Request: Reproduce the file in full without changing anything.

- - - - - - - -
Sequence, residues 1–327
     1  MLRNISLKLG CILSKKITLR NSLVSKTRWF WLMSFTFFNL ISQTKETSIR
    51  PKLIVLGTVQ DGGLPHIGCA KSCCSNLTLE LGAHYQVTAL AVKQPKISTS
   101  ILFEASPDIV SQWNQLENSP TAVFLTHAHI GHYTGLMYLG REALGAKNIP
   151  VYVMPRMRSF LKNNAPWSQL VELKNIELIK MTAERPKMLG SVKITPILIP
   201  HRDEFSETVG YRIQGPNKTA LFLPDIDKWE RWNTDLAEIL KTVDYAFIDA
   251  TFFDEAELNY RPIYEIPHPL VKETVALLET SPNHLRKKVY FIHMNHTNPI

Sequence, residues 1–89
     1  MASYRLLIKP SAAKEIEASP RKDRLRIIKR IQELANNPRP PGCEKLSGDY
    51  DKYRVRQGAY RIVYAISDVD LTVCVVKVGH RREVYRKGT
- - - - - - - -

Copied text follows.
Sequence, residues 1–327
     1  MLRNISLKLG CILSKKITLR NSLVSKTRWF WLMSFTFFNL ISQTKETSIR
    51  PKLIVLGTVQ DGGLPHIGCA KSCCSNLTLE LGAHYQVTAL AVKQPKISTS
   101  ILFEASPDIV SQWNQLENSP TAVFLTHAHI GHYTGLMYLG REALGAKNIP
   151  VYVMPRMRSF LKNNAPWSQL VELKNIELIK MTAERPKMLG SVKITPILIP
   201  HRDEFSETVG YRIQGPNKTA LFLPDIDKWE RWNTDLAEIL KTVDYAFIDA
   251  TFFDEAELNY RPIYEIPHPL VKETVALLET SPNHLRKKVY FIHMNHTNPI

Sequence, residues 1–89
     1  MASYRLLIKP SAAKEIEASP RKDRLRIIKR IQELANNPRP PGCEKLSGDY
    51  DKYRVRQGAY RIVYAISDVD LTVCVVKVGH RREVYRKGT